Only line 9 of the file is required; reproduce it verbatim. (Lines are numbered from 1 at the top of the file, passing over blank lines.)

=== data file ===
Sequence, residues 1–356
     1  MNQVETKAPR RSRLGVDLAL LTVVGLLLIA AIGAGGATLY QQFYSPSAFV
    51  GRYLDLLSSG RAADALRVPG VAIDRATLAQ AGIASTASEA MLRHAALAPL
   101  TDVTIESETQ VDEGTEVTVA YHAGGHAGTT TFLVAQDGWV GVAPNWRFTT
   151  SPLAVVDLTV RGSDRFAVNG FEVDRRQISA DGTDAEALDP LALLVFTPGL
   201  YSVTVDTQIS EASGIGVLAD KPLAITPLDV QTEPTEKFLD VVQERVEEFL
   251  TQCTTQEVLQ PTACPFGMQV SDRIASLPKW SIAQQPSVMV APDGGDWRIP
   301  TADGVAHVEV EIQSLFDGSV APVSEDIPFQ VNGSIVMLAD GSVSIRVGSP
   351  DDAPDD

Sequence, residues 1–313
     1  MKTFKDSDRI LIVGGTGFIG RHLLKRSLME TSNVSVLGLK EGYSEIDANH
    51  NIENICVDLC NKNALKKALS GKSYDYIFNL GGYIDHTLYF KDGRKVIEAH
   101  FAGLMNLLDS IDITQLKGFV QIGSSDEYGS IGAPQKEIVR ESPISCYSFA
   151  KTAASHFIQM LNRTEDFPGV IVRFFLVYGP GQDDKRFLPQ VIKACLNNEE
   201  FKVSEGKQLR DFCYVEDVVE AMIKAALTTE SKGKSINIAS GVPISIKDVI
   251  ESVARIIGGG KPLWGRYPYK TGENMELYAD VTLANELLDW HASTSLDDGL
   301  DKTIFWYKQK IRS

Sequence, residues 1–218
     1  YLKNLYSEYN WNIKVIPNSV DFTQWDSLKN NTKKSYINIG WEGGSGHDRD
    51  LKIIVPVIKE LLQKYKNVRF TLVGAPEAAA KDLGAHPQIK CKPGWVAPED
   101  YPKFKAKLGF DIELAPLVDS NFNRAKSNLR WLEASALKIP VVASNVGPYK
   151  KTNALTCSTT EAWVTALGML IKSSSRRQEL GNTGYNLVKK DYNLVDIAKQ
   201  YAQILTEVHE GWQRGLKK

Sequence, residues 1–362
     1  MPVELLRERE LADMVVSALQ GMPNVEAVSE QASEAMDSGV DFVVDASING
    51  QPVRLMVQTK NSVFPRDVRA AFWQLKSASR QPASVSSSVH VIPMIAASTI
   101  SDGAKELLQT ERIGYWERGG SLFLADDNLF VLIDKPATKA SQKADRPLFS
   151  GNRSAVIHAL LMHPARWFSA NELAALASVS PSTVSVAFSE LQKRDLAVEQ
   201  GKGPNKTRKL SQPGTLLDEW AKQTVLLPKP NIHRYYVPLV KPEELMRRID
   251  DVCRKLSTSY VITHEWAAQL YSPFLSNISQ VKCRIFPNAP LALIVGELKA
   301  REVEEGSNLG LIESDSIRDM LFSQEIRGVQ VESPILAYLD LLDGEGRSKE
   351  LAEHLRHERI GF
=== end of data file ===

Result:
   351  DDAPDD